"I want to give Pamela Brown some credit," Interim Buffalo Schools Superintendent Will Karesztes said. "She was very assertive in putting together some programs and some initiatives in place to support students. I think there was certainly a yield with that."
However, Karesztes doesn't want to get too caught up in the eight point gain. "While I'm glad the district has made some progress, it is woefully insufficient where it has landed. A 56 percent graduation rate is not what we want."
|One week after being named the Interim Superintendent of Buffalo Schools, Will Karesztes says the leadership transition has been smooth.
"I think it's good in a sense where Board members have all been really supportive," Karesztes said. "My primary obligation is to provide the board and the community with a peaceful transition from one administration to another. I'm feeling like I'm able to do that."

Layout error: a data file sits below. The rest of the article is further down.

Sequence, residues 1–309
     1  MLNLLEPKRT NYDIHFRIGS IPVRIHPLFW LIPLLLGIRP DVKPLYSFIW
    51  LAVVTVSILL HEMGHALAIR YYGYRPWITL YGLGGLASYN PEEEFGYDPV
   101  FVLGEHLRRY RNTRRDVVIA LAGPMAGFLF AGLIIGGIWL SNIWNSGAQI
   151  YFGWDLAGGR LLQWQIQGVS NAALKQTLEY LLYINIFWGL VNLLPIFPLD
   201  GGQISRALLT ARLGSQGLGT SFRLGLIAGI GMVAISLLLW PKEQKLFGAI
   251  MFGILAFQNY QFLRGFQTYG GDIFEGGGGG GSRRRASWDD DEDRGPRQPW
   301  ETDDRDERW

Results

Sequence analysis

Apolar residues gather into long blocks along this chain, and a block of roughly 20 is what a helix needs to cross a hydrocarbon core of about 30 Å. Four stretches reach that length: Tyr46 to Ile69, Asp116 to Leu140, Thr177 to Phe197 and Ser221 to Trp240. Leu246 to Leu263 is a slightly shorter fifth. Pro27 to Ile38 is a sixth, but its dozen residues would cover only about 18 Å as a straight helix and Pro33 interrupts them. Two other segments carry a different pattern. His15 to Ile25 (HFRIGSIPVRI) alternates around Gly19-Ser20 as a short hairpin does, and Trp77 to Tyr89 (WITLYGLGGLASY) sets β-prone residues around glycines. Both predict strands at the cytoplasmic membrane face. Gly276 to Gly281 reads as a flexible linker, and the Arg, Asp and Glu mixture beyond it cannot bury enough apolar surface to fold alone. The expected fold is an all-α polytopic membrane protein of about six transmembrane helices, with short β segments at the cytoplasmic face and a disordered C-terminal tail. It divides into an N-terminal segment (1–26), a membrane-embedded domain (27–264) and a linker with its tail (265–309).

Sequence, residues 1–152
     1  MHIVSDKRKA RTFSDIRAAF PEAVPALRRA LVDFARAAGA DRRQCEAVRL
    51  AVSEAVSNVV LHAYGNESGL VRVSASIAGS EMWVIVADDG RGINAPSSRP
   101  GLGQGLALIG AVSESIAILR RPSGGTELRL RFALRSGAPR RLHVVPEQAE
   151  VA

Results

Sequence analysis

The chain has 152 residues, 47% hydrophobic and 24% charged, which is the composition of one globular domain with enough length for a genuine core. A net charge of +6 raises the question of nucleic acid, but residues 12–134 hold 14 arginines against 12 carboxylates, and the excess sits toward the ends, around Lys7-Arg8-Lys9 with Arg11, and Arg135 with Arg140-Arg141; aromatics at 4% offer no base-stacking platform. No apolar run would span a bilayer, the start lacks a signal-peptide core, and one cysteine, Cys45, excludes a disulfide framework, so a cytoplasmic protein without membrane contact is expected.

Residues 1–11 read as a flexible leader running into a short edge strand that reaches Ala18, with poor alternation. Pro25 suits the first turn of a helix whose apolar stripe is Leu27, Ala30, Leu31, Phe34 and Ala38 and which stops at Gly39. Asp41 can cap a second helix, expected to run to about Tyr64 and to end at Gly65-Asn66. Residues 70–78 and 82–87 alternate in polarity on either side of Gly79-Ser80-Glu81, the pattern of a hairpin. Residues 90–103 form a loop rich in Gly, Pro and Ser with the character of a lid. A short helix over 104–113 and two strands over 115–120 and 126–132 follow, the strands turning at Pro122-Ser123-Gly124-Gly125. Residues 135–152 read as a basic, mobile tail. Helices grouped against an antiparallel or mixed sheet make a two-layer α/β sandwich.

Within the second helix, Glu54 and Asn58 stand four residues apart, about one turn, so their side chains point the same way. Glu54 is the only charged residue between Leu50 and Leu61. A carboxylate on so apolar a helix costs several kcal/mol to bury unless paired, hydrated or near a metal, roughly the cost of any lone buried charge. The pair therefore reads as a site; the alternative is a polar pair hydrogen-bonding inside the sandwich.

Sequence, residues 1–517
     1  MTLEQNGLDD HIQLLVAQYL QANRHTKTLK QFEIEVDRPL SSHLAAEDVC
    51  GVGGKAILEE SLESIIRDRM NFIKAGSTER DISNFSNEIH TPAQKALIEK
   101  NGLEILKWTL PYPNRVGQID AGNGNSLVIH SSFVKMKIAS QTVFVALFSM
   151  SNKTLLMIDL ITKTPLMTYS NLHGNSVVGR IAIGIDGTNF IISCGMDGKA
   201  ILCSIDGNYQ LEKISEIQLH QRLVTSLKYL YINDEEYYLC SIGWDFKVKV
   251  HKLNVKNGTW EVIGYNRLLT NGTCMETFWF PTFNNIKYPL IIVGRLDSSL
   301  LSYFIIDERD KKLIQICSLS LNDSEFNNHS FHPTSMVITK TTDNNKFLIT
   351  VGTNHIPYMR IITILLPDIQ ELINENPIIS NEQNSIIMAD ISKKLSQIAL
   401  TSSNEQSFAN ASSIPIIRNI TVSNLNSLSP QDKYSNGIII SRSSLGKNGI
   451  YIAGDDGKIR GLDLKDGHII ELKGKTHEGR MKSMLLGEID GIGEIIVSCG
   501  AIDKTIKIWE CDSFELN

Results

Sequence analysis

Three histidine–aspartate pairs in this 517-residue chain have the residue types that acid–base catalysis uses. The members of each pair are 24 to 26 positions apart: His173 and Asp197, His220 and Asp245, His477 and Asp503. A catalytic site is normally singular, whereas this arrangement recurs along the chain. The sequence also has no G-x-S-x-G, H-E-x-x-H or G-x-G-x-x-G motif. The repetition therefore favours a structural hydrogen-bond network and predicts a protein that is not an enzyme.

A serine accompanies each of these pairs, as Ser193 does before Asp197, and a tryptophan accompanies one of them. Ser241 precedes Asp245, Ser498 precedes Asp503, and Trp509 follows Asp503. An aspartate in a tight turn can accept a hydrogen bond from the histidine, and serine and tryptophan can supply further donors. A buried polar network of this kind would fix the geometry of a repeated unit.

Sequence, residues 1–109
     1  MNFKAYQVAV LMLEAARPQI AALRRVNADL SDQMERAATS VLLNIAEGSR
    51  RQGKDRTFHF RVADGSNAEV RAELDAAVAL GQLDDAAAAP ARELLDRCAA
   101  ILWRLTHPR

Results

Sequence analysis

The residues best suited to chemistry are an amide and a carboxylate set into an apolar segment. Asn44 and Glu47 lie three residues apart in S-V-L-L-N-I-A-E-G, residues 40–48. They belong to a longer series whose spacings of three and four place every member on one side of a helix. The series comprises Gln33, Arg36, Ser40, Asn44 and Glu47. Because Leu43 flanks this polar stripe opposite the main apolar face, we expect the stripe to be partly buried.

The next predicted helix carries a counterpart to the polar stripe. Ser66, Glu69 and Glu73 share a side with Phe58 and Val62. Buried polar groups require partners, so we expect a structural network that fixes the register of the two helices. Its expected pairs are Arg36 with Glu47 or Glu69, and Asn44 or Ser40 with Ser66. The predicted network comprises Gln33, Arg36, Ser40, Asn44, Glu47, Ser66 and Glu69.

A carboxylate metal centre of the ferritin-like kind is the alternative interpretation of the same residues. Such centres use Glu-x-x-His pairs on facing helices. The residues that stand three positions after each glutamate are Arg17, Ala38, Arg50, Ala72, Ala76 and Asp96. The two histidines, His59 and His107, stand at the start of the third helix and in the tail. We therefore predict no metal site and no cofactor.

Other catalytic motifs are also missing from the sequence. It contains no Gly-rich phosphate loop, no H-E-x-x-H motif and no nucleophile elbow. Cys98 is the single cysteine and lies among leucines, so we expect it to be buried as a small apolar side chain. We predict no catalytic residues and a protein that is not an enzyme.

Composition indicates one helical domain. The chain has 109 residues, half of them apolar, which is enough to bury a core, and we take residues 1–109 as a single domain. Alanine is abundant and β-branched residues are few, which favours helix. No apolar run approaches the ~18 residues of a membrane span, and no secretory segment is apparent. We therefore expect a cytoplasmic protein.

Karesztes will hold his position until at least July 7th, when Board Member Carl Paladino says he will hold a special meeting to appoint a longer-term interim.
"There's a lot of work that needs to be done and I hope I can have a voice in getting that done for our district."
New York's high school graduation rate rose slightly to 74.9 percent in 2013, but big differences persisted in the numbers of white and minority students graduating on time, and those from high- and low-needs districts.
The overall rate compares with 74 percent last year. Among the Big Five districts, Buffalo saw the only notable increase.
Rochester had the lowest rate, at 43 percent, followed by Syracuse, where 49 percent earned a high-school diploma.
New York City graduated 61 percent of those who entered high school in 2009 and Yonkers 66 percent.
The numbers don't fully reflect the curriculum reforms under way in New York because the class of 2013 started school before they were adopted.